Solar panel device uses waste heat to purify water
THUWAL, SAUDI ARABIA — Researchers in Saudi Arabia have modified traditional solar panels into a system that cogenerates both electricity and clean water.
Water and energy production are intertwined — a connection known as the water-energy nexus.
Cosmos Magazine reports that water is used to produce energy, and in turn, a significant amount of energy is needed to produce clean drinking water.
According to Peng Wang of the King Abdullah University of Science and Technology, solar panels only convert 20% of the light they absorb into electricity; the remaining 80% is released into the air.
To address this, university researchers have designed a system that can use this waste heat to generate fresh, clean water.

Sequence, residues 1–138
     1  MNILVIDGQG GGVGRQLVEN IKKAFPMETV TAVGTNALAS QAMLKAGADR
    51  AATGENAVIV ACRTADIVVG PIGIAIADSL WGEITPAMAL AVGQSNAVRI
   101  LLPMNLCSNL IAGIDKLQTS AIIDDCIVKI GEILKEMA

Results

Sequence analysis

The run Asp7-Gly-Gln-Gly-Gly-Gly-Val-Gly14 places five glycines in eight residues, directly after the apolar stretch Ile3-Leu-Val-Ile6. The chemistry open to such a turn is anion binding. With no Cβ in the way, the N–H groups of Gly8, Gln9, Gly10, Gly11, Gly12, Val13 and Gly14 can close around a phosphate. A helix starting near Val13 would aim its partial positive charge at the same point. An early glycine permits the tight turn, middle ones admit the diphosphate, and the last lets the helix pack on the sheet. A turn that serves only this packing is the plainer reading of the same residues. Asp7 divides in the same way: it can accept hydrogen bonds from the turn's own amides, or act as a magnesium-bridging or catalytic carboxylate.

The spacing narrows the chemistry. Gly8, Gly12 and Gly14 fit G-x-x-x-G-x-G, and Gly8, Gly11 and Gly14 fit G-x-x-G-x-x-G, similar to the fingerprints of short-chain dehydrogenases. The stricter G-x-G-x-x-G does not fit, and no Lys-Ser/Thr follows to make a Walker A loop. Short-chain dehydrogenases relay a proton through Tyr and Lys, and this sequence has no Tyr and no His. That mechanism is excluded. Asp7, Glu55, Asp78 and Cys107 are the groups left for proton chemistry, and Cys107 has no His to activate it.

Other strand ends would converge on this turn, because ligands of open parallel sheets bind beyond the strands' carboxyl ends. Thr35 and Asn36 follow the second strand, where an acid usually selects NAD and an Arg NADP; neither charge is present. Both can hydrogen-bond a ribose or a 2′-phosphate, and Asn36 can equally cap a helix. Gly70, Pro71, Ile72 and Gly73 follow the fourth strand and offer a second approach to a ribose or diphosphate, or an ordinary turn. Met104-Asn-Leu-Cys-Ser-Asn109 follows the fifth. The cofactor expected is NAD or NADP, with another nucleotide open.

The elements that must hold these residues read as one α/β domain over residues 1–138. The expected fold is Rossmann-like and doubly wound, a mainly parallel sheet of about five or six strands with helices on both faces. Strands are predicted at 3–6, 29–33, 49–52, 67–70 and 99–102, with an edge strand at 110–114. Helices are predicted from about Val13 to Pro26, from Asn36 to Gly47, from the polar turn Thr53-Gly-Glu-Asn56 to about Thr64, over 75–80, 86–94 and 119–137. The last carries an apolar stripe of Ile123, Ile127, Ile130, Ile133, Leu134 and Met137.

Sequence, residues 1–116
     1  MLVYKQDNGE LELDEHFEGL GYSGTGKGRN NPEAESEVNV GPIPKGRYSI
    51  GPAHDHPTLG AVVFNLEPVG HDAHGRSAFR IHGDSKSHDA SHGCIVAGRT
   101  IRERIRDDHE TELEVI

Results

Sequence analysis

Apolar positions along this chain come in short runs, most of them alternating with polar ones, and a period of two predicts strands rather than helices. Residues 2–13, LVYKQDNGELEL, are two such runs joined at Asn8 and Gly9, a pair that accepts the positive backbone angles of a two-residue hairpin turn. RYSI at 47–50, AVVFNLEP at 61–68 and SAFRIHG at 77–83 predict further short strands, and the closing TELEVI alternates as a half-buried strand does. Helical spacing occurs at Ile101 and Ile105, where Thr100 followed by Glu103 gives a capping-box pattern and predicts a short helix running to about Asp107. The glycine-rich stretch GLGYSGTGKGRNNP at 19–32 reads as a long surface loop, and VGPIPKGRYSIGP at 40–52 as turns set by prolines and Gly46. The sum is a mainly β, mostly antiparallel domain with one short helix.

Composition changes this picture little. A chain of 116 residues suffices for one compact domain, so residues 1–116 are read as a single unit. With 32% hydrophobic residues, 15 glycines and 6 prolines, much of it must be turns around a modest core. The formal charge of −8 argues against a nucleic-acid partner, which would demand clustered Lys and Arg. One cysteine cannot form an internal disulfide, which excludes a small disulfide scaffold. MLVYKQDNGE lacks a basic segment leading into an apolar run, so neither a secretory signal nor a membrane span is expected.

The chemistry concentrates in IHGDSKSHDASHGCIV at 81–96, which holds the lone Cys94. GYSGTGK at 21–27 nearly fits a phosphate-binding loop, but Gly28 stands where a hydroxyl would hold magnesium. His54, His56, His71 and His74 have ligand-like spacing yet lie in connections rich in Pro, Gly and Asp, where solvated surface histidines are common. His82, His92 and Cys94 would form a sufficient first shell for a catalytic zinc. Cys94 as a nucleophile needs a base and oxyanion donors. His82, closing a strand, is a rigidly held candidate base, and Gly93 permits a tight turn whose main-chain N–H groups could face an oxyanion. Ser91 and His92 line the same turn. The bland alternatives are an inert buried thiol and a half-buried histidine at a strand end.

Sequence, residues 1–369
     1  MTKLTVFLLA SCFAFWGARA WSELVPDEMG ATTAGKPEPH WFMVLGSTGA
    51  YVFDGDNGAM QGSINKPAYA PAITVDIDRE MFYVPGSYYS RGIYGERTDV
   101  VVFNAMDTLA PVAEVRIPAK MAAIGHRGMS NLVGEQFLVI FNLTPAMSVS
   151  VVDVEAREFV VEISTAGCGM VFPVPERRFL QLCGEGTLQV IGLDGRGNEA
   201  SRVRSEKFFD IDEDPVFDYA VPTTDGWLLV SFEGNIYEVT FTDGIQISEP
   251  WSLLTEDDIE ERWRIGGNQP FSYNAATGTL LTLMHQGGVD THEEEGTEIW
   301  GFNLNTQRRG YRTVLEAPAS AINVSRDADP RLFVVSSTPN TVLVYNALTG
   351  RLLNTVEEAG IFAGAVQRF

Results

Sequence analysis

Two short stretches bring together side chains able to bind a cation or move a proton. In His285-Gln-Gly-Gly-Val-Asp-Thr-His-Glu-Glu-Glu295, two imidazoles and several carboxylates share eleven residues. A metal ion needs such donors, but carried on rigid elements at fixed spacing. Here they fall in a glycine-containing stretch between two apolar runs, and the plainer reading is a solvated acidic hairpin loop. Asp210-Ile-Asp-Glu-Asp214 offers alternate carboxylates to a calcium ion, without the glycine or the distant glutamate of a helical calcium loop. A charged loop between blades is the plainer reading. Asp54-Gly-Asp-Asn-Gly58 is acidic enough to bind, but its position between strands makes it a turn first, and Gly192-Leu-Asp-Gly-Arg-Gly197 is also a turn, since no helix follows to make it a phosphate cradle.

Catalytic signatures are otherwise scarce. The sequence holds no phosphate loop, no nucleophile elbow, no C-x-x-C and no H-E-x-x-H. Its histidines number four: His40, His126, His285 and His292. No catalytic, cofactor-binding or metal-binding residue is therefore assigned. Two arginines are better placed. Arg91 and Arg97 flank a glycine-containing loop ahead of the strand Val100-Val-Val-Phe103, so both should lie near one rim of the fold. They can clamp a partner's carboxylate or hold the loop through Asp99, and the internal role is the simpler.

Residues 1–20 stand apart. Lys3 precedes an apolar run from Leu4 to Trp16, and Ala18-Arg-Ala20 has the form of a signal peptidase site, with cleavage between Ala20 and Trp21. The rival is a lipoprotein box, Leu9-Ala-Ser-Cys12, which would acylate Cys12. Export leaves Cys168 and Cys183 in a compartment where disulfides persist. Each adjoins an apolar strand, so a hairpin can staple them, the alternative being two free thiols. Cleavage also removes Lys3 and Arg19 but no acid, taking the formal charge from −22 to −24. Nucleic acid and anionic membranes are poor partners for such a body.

The system is made up of a three-layer distillation system attached to the underside of a solar panel.
Waste heat from the panel is directed to the uppermost layer, where it vaporizes seawater.
The vapor passes through a porous membrane to the second layer, where it condenses as freshwater.
Heat produced during condensation passes through a thermal conduction layer, where the energy is recycled to purify more water.
The stacked system was able to produce 1.64 liters of water per square meter of solar panel surface each hour.
According to the researchers, it's more than double the output of more traditional solar stills.
The panel's electricity output was also unaffected by the distillation going on underneath.